It’s always about people

Statistics and market research can give you certain insights, but when an engineer gets out and spends time with the end-user, the insights become far more tangible. Beginning with a thorough understanding of the people and problems you are developing for empowers you to create and solve on an entirely different plane. Now, you aren’t targeting faceless 35 year old women, but Lisa, a 35 year old professional, mother and wife, with real needs, challenges – and a real voice. Design Thinking is empathetic and personal in nature and doesn’t exist without people. Design thinking keeps you in tune with the real customer with real problems, empowering you to create real solutions.

Fail Fast

8 out of 10 businesses fail. Design Thinking eliminates the risk of ultimate failure by encouraging failure. Sound counter-intuitive? The truth is, we learn far more from failure than we could ever learn without it. Design Thinking is systematically developed to encourage experimentation, coupled with prototyping and feedback, allowing you to fail and fail fast, leading you to recognise and eliminate the weak areas so that you can ultimately succeed.

Breaks you out of the box

Design thinking breaks your preconceptions of what a good solution would be and unleashing new undiscovered possibilities. A good example of this is Proctor & Gamble who initially set out to develop a better cleaning detergent. Design Thinking led them to realise customers didn’t need another detergent on the market – but did need a faster, easier way to clean. The result was the Swiffer, a revolutionary new mop which proved to be massively successful for them.

How does design thinking work?

As with any process, design thinking is broken down into phases. Here’s a quick overview of each of the seven phases placed in the context of a typical e-learning instructional design project.

Design Thinking Process
  1. Empathise. Understanding the context of your client’s problems. Empathising involves understanding the audiences beliefs, needs, values and challenges. You can do this by listening, watching and engaging with your customers and the world around you.
  2. Define: Establishing a Point of View. Process what you have learned from your audience. Define the challenge you have been given, by finding insights, connections and patterns which will help you move towards the solution. The ‘Point of View’ sums up insights and clarifies the needs of the audience.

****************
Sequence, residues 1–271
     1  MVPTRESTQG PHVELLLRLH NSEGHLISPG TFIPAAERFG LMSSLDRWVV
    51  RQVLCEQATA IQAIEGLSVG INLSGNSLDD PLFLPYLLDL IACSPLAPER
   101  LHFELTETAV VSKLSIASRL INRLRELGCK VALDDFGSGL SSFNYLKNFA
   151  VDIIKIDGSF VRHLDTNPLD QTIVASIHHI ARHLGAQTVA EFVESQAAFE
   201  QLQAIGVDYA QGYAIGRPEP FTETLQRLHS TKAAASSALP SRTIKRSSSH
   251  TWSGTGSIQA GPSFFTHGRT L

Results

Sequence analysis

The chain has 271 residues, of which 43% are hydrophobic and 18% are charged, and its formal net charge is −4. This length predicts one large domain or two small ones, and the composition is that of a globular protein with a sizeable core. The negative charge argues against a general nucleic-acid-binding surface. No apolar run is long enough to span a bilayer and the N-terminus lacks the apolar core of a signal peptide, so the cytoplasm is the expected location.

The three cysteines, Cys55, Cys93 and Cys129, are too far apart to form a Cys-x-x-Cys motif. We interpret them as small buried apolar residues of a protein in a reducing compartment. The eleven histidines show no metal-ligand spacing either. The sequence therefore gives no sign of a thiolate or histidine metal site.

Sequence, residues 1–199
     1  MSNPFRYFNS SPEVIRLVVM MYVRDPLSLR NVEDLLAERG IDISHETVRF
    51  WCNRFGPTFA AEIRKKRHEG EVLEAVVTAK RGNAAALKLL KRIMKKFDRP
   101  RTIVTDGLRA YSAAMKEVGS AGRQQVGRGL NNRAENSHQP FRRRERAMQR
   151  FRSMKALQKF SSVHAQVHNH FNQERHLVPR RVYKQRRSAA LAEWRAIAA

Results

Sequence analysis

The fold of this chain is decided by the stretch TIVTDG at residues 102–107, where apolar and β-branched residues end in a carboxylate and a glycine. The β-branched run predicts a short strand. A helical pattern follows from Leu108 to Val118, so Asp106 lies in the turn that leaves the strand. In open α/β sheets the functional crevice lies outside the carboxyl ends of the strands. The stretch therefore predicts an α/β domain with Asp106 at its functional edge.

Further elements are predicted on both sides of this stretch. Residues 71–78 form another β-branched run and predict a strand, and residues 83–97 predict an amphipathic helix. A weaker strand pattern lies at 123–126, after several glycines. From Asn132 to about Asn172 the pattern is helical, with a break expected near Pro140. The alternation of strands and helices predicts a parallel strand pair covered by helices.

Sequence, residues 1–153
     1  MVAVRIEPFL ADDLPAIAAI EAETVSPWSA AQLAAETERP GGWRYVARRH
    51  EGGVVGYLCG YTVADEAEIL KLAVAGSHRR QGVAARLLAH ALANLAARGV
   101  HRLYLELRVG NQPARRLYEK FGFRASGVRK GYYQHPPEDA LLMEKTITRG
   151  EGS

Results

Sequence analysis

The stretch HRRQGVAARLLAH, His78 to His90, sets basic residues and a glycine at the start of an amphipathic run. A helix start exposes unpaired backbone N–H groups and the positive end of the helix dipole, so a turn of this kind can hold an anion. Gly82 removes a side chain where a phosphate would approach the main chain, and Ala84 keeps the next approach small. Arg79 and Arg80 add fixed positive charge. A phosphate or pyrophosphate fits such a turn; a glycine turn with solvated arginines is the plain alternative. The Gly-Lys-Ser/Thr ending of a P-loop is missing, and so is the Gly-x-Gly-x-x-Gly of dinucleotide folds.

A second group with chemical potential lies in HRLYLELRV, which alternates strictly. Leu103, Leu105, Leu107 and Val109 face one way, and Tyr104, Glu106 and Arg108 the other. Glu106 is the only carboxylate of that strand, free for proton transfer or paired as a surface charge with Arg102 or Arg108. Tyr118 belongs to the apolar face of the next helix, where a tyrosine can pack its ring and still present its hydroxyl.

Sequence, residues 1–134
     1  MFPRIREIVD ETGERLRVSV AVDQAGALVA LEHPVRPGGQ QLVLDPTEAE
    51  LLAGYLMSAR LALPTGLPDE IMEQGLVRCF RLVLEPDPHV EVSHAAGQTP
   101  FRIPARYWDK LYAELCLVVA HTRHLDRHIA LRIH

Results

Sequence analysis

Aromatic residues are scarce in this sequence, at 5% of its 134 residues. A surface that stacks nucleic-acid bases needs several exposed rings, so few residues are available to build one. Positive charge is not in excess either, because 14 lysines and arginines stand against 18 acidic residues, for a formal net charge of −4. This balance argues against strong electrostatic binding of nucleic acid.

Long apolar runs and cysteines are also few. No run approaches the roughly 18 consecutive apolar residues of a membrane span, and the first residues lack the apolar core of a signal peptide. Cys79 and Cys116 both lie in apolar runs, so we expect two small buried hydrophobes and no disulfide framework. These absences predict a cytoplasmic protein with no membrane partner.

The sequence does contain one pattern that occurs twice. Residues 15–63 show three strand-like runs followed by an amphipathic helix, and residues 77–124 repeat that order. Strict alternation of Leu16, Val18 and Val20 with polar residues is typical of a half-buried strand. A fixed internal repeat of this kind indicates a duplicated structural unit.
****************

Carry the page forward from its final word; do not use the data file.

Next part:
3. Ideate. Ideation is when you combine your understanding of the problem with your imagination. Start using trusted techniques such as mind-mapping and sketching to build rough ideas that can help to solve your issue. Generating lots of ideas to maximise your innovation potential.
  4. Prototype. The Ideate stage can produce multiple solutions. Putting the best Prototypes forward for testing is the main goal. Prototyping can take many forms, it can be a wall of post-it notes as Stanford’s d.school suggest or storyboarding or creating a physical or digital item ready for testing.
  5. Test. Testing or the ‘Execute’ phase helps you understand what works and what doesn’t. Leading you to find solutions and more about your audience. Prototypes that succeed give positive results, alternatively you may find that if the prototype fails you will need to redefine the problem or go back and listen to the audience again. Testing will help you develop improved and/or advanced prototypes.

It’s important to clarify that design thinking isn’t a linear process. It can get messy and repetitive as you iterate and refine ideas. The process encourages experimentation and the exploration of ambiguity as a means of personal growth and innovation, but that doesn’t mean everyone will be comfortable with it. While you may find that some areas of design thinking come more easily to you than others, the important thing is to embrace the growth mindset at the core of the process.

Here at Antares Code Studio, we apply design thinking principles to deliver meaningful projects to our clients and to improve the usability of the difital products we work on.

If you have an idea in mind, or need a website or app, get a free quote by completing the form at the bottom of this page and giving us some details about your project.

Share this page:


Contact us for a free no obligation quote or estimation. We'd love to help and to work with you!